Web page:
The Government consultation into the choice of units of measure in the retail sector [ref 1] has been bedevilled by inaccuracies, bias, bodges and probably computer blunders. The Foreword of the document (unsigned) is not only riddled with inaccuracies and half-truths, but the explanation of the law relating to units of measure in the retail trade bypasses the fundamental principles behind the display of prices.Continue reading “Government Imperial Units consultation bedevilled by inaccuracy, bias, bodges and computer blunders”
Martin Vlietstra, an occasional contributor to Metric Views, considers Britain’s policy of retaining, for as long as it could, the use of imperial measurements in its Empire. He notes that the consequences continue to this day.Continue reading “Decolonising science”
Martin Vlietstra, one of our frequent contributors, has written an article which he says deals with the metric system in use rather that looking at metrication per se.Continue reading “Light measurements”
Reports of a possible link between obesity and morbidity have prompted one of our occasional contributors, Martin Vlietstra, to look at issues around measuring body weight in the home.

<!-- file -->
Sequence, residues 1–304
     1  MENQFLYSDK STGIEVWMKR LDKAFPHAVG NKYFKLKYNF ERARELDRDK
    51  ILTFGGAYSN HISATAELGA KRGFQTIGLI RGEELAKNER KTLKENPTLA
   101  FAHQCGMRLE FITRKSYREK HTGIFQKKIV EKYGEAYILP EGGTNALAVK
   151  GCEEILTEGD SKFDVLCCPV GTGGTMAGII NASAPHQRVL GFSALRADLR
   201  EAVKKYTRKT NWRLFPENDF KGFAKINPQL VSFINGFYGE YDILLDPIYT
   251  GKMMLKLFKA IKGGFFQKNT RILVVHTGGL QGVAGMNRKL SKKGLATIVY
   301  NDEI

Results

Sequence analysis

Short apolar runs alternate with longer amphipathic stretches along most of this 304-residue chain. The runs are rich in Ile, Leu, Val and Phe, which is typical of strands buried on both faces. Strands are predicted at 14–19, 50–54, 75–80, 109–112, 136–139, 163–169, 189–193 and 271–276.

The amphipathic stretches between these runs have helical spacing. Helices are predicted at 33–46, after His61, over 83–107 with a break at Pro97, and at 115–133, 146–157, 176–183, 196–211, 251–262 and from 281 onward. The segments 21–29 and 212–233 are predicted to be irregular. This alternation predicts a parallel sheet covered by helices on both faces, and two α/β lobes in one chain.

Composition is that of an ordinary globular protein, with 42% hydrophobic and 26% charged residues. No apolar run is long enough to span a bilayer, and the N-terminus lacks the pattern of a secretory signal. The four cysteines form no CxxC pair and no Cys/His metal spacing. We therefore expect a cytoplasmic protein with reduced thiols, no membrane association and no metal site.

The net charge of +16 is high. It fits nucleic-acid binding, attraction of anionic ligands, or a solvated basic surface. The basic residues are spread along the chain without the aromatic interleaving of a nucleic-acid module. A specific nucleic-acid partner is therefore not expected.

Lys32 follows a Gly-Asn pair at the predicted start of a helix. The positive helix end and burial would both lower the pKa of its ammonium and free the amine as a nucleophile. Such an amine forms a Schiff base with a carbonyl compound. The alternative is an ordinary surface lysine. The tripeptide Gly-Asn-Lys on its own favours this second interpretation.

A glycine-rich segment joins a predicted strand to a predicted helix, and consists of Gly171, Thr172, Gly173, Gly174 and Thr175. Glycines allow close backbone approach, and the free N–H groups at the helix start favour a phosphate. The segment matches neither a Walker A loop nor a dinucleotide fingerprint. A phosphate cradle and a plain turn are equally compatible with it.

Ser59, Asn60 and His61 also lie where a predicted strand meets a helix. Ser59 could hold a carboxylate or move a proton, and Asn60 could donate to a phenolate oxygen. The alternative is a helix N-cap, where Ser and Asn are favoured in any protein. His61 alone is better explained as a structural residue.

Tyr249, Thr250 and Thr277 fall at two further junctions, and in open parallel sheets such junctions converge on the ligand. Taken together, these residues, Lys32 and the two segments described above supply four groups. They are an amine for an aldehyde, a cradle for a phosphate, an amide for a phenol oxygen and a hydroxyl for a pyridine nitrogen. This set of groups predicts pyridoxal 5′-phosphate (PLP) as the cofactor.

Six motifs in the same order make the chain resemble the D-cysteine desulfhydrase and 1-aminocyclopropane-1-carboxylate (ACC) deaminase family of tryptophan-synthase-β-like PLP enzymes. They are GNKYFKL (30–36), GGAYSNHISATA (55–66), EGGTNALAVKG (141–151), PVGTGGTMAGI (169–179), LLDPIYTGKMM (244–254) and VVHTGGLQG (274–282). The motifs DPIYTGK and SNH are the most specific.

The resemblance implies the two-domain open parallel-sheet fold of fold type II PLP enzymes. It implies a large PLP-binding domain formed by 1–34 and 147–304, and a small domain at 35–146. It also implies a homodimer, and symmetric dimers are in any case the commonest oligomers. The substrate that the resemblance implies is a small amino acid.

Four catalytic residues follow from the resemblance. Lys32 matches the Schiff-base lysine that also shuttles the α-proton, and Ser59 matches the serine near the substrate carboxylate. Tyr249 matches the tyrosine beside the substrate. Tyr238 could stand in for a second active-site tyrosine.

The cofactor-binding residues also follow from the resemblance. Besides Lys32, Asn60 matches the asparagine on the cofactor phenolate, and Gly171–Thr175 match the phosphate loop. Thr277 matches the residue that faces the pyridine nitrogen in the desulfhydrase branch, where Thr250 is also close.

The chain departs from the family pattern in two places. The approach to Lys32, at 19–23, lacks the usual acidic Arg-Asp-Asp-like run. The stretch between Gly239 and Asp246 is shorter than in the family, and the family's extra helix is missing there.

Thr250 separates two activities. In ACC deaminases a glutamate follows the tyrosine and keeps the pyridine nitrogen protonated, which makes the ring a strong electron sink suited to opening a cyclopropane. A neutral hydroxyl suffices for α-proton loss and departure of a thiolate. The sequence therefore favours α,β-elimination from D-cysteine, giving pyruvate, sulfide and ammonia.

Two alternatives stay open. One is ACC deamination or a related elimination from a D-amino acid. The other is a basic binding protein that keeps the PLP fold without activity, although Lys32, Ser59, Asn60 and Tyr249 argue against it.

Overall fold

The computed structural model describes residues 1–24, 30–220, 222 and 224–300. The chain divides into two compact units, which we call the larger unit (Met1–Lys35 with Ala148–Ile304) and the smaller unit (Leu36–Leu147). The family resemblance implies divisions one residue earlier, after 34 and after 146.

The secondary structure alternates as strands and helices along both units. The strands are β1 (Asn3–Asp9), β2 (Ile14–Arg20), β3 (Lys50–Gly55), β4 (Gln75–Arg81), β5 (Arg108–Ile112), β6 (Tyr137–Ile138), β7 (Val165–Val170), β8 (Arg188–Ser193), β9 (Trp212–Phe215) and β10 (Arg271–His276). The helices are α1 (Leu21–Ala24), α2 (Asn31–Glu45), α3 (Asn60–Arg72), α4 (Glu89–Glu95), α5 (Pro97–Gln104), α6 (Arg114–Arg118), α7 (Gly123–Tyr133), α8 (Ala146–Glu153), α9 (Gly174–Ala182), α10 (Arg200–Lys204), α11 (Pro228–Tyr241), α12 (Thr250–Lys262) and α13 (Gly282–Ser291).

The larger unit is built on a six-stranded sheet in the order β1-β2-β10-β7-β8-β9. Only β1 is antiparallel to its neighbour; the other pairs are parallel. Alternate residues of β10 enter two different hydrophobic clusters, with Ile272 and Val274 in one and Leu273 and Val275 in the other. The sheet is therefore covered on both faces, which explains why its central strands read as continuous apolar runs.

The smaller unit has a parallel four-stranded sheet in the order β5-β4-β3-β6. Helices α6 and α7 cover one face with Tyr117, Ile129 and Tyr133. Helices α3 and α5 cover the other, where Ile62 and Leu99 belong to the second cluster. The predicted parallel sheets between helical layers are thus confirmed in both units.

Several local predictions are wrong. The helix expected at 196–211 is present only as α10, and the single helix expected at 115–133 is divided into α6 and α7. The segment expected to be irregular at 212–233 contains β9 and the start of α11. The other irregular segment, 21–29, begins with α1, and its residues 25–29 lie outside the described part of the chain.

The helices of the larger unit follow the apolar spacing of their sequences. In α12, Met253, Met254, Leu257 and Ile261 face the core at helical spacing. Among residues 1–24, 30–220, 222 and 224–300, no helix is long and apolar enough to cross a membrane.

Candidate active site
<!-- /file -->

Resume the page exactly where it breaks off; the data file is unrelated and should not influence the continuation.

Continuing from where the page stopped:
Following our article on the new definition of the kilogram, Martin Vlietstra, one of our occasional contributors, provides some insight into how, in the 21st century, this standard is passed down to us, the general public.
Martin Vlietstra, one of our regular contributors, offers his thoughts on an early pronouncement by the newly-appointed Leader of the House of Commons.
The redefinition of the kilogram takes effect in two weeks time. To mark the event, Martin Vlietstra, one of our frequent contributors, looks at the “old” and “new” versions of this international standard.
We reported a few weeks ago on the redefinition of the kilogram. In this article, Martin Vlietstra, one of our regular contributors, outlines Britain’s contribution to the creation of the prototype kilogram upon which the definition had relied since 1889.